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By Henry A. Barrios / The Californian
BY JAMES BURGER Californian staff writer firstname.lastname@example.org
If this were family court, city and county animal control would be divorcing but promising to live next to each other for the children.
Under a plan proposed to the Metropolitan Bakersfield Animal Control Committee Wednesday, the county of Kern and city of Bakersfield would separate their sheltering operations but set up shop close together for the public's benefit.
The committee met for the first time in three months, after its last meeting devolved into a heated debate over how much money the city should give the county for sheltering stray cats and dogs.
There was no squabbling Wednesday over what expenses should or should not be calculated into shelter costs.
Instead, Kern County Animal Control Director Jen Woodard and Bakersfield's Assistant to the City Manager Steve Teglia teamed up to present a plan that would end in an orderly split in the two agencies' operations over the next two years.
Their plan calls for both agencies to shelter animals from their jurisdictions at separate animal control shelters, but run a joint intake center.
City staff would use the current Kern County Animal Control shelter on South Mount Vernon Avenue. Kern County would build its own, new shelter right next door.
"We agreed that this makes the most sense for people in the community," Woodard said. "We see this as the best option going forward for the county. And the city."
"This avoids the situation in which the city and county are in yearly conflict over budget," Teglia said.
The close proximity of the two shelters would allow the city and county, they said, to present a seemless front to the public.
Members of the public with animal control business would come to the same location and deal with the same people no matter whether they live -- in city limits or in the unincorporated county areas of metropolitan Bakersfield.
George Miers, a well-known animal control facility architect, outlined how the two facilities could be integrated into a single "campus" -- a task he's done for a number of other communities.
He said there are a lot of decisions the city and county need to make before the plans move forward -- from how big it should be to what programs would be offered from each facility.
Some parts of the facility could be shared by the city and county. Others would need to be duplicated on both sides of the facility.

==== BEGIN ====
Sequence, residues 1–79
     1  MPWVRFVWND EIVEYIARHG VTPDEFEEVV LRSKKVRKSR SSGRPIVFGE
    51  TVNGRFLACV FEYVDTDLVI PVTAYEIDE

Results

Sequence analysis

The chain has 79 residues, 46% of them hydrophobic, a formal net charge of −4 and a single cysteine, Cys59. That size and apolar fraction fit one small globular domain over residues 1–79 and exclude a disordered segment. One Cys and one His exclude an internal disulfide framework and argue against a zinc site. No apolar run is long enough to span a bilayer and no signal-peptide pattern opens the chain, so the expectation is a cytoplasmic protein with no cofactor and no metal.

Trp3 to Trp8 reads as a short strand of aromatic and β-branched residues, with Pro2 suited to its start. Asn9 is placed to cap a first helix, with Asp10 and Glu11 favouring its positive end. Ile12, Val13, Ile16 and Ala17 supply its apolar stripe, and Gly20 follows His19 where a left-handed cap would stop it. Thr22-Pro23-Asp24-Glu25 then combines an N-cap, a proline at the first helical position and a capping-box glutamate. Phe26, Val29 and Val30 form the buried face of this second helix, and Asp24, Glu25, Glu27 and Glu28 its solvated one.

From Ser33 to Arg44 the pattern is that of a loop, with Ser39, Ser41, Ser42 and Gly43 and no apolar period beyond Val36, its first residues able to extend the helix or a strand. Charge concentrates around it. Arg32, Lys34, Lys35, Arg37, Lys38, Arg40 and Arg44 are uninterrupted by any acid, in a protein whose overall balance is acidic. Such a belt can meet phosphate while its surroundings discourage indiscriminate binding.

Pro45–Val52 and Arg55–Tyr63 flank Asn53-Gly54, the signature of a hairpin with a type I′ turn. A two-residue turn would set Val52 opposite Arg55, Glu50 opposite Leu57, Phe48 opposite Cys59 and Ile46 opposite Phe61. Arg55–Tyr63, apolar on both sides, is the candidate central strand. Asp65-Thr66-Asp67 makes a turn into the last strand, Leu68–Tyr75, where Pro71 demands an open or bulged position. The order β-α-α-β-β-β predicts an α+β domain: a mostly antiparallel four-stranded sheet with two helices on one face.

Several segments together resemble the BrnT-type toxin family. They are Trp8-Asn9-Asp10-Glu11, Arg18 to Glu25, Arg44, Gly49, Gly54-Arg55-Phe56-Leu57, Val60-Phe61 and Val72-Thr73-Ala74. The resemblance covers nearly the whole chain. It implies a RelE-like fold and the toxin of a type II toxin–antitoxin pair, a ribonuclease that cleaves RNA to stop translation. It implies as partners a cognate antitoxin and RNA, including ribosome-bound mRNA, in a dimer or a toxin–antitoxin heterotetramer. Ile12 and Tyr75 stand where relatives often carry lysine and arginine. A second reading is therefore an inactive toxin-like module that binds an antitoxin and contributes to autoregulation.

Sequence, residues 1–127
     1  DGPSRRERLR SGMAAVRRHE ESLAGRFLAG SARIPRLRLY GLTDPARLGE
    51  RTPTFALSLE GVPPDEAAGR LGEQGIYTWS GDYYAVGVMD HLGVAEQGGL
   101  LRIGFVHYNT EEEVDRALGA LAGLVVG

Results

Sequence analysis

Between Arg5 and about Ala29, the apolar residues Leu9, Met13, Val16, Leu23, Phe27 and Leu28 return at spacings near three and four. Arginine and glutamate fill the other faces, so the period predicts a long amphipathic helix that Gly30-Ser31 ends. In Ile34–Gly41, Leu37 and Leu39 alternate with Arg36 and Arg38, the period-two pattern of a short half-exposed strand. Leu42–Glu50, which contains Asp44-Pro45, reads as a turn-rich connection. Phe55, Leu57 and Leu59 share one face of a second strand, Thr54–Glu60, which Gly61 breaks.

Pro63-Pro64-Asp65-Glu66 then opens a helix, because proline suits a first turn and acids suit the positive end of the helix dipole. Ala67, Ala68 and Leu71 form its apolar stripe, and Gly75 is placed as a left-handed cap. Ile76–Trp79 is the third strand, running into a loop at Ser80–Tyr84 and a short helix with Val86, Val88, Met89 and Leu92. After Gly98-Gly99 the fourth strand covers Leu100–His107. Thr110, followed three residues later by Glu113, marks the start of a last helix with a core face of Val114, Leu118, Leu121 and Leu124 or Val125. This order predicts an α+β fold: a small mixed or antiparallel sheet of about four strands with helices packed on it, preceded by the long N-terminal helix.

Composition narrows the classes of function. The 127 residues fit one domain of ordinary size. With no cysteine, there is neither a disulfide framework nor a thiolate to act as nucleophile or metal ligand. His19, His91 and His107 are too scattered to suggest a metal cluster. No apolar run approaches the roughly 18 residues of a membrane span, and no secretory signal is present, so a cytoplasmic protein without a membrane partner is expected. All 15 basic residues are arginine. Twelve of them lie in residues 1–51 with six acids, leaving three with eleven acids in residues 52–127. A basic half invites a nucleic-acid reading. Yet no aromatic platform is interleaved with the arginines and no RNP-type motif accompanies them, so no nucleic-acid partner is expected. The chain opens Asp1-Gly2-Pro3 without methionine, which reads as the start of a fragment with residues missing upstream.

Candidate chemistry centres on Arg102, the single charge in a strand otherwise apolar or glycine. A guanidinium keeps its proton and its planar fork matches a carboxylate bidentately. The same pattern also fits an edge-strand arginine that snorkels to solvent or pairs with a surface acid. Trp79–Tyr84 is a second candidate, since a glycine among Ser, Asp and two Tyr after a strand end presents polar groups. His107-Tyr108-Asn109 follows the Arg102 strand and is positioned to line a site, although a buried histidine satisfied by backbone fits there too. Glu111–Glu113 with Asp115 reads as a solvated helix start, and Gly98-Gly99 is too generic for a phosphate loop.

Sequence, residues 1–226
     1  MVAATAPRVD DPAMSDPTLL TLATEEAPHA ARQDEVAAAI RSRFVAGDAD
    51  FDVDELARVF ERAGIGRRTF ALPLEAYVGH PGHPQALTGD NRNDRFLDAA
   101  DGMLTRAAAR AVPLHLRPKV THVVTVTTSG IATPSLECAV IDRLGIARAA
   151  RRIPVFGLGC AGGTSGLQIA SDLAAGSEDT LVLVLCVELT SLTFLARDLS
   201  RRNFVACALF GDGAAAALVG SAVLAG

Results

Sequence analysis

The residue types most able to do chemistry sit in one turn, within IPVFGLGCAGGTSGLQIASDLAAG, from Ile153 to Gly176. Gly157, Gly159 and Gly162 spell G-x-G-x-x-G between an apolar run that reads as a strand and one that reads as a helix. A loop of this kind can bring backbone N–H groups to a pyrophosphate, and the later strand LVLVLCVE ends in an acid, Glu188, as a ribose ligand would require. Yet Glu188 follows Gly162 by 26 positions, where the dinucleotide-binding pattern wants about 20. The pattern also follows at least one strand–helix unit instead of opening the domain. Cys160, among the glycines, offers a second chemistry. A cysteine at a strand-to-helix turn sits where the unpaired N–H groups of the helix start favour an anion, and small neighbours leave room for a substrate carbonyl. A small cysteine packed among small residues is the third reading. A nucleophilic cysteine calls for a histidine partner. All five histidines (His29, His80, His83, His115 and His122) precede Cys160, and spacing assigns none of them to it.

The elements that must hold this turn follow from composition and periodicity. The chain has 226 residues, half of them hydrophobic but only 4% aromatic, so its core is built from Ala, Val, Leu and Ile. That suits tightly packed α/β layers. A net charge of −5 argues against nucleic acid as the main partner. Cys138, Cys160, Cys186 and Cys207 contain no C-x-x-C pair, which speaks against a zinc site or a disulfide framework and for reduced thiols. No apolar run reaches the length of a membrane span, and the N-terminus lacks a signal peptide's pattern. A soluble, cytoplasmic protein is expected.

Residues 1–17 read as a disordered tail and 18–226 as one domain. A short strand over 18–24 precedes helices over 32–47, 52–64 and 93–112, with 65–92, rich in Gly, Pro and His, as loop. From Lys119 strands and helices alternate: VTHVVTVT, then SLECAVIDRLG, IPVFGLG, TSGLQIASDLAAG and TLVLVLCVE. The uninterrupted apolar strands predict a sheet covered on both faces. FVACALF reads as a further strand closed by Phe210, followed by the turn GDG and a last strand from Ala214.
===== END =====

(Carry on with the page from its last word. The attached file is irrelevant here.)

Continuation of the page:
And, ultimately, the city and county will need to figure out how to handle the large numbers of animals that are currently brought into the Kern County Animal Control shelter. Building new kennels won't solve an overpopulation problem, Miers said.
"The building is not a panacea for the problems," he said. "You guys are the panacea."
To give the city and county time to answer those questions, plan and construct a new facility, Teglia said, the city and county would continue to operate under a modified version of the current agreement. The county would continue to shelter animals from the county jurisdiction and the city would pay for the service.
Supervisors Mike Maggard and Zack Scrivner, and Bakersfield Councilman Ken Weir, cheered the idea.
"The tenor and tone of this meeting is different," Weir noted.
"We were getting bogged down in how many fiscal analysts the county had dedicated to animal control," Scrivner said. "This allows us to move beyond those issues."
But committee chair Michael Yraceburn questioned the wisdom of investing millions of taxpayer dollars into a new facility simply because the city and county have trouble getting along.
Specific price tags for the new arrangement weren't discussed.
"We're relying on a facility to solve our cooperation problems," he said. "While I understand and admire George's work, design doesn't make something function."
But Bakersfield City Manager Alan Tandy said the two governments could work well moving forward.
And Weir said he has hope.
"These meetings were not something I looked forward to," he said. "Time heals a lot of things. I think this path we are going down will help us better work together."
The group agreed to meet in two or three months to review staff progress in developing the plan.